Donors pledge billions in aid to war-scarred Lebanon

25th January 2007, Comments 0 comments

PARIS, Jan 25, 2007 (AFP) - Saudi Arabia, the United States, France and other donors pledged more than six billion dollars in aid to Lebanon on Thursday to bolster the Western-backed government in Beirut and help the country recover from war.

PARIS, Jan 25, 2007 (AFP) - Saudi Arabia, the United States, France and other donors pledged more than six billion dollars in aid to Lebanon on Thursday to bolster the Western-backed government in Beirut and help the country recover from war.

The pledges poured in during a one-day international donors' conference to raise funds for Lebanon following the devastation of the July-August war between Hezbollah and Israel.

"We are on the verge of a deep recession as a result of the Israeli aggression," Lebanese Prime Minister Fuad Siniora told the gathering at a Paris convention center.

"We can't overcome all our problems alone.  We need the support of the international community," said Siniora, who has been facing calls from the Syrian-backed opposition to step down.

French President Jacques Chirac opened the meeting with an appeal to help Lebanon where "terrible confrontations have brought death and destruction."

"A very substantial and immediate financial support from the international community is absolutely indispensable," Chirac said.

Saudi Arabia pledged 1.1 billion dollars (846 million euros) in aid to Lebanon, reaching out to its fellow Sunnis in power in Beirut, and the United States put 770 million dollars to the massive aid effort.

France announced a 500-million-euro (650-million-dollar) loan and the European Commission pledged 400 million euros (519 million dollars) in aid.

Multilateral donors weighed in with large pledges, the World Bank giving one billion dollars in aid, the European Investment Bank 960 million euros (1.2 billion dollars), the Islamic Development Fund offering 250 million dollars and the Arab Fund for Economic and Social Development 700 million dollars.

Britain offered 48 million dollars (37 million euros) to a UN agency to assist Palestinian refugees, many of whom are in Lebanon.

The meeting is being held two days after protests led by the Syrian-backed Hezbollah opposition erupted into violence, leaving three people dead and fueling fears Lebanon could slide back into the civil strife that wracked the country in decades past.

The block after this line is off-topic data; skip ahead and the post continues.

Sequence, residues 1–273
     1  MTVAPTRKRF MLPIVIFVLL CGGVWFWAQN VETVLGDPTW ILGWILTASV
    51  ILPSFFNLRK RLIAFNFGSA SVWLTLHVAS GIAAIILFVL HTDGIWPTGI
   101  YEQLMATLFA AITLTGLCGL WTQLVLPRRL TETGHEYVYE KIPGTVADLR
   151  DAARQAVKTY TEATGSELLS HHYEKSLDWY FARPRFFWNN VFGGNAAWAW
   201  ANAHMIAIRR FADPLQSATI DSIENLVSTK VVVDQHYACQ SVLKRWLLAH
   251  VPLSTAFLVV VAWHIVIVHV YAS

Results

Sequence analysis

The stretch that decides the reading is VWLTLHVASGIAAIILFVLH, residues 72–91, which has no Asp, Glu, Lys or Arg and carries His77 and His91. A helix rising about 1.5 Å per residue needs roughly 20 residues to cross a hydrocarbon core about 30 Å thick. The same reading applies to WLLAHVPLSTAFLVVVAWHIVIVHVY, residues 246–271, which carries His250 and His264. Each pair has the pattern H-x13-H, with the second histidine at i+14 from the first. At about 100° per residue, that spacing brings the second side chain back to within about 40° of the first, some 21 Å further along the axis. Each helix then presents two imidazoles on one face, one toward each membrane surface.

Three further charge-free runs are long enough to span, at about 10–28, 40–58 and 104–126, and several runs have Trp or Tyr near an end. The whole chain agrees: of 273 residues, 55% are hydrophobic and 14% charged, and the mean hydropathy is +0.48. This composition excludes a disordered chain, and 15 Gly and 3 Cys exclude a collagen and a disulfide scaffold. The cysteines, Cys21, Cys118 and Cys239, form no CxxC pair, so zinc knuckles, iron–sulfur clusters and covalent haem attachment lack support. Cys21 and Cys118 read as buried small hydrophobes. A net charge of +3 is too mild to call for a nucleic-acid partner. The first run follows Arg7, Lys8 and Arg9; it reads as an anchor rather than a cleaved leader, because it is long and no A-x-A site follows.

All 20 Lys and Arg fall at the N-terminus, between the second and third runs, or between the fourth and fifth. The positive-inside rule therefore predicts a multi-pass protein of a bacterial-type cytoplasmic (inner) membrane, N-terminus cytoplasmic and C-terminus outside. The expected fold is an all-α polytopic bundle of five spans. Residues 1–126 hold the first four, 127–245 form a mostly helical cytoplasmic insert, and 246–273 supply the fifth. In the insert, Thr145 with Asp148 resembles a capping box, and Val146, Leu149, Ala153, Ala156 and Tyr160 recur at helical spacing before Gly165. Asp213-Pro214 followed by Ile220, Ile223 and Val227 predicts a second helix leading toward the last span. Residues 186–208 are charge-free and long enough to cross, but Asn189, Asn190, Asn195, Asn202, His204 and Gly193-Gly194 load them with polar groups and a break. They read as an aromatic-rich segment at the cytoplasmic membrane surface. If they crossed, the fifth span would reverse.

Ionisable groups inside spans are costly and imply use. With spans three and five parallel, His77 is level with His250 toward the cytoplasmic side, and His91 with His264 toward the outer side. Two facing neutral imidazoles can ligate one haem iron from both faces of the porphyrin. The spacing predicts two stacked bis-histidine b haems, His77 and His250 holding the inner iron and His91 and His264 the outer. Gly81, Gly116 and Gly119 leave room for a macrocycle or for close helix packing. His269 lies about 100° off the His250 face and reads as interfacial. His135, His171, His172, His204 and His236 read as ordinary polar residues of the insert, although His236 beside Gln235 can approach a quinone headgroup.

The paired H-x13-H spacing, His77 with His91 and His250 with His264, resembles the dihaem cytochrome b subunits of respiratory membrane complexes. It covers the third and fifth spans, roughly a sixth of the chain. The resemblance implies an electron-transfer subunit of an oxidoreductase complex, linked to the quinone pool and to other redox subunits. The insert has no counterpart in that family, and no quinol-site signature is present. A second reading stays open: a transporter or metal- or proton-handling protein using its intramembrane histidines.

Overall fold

Lebanese officials have said they need several billion dollars to rebuild villages and infrastructure devastated in the month-long war between Israel and Hezbollah.

Lebanon's public debt has reached 41 billion dollars (32 billion euros), more than 180 percent of gross domestic product.

To pull the country back from the brink, Siniora's goverment has proposed a five-year reform plan that would see a hike in value-added tax from 2008 and more privatisation.

The reform program "won't be sufficient by itself to steer the economy on a viable financial path," said John Lipskey, a senior official with the International Monetary Fund.

"The program will need to be supported by very substantial and sustained donor assistance if Lebanon is to return to a path of financial stability," he said.

While the conference focused on the plight of the Lebanese, it also provided a chance for Siniora's Western backers to send a message to Iran and Syria against interfering in Lebanese affairs.

"The people of Lebanon deserve to live in peace, they deserve to make decisions about their political future, free from the threat of violence and free from political intimidation," US Secretary of State Condoleezza Rice told the conference.

"The United States is dedicated to this task."

Chirac asserted that all UN resolutions must be implemented to restore Lebanon's full sovereighty while UN Secretary General Ban Ki-Moon called on "Lebanon's neighbors to fully respect its unity, independence and sovereignty."

Lebanon has been in a state of political deadlock since six pro-Syrian ministers, including two from Hezbollah, walked out of Siniora's government last November.

Hezbollah has denounced Siniora as a puppet of the West and is seeking to topple his government or force a power-sharing deal that would leave the Iranian- and Syrian-backed movement and its allies with veto power in cabinet.

Tuesday's protests were the most serious challenge yet to Siniora's government from the Iran- and Syrian-backed opposition.

Syria occupied Lebanon for 30 years until being forced to withdraw its troops amid huge demonstrations sparked by the assassination of former prime minister Rafiq Hariri -- an outspoken opponent of Damascus.

Copyright AFP

Subject: French News, Lebanon

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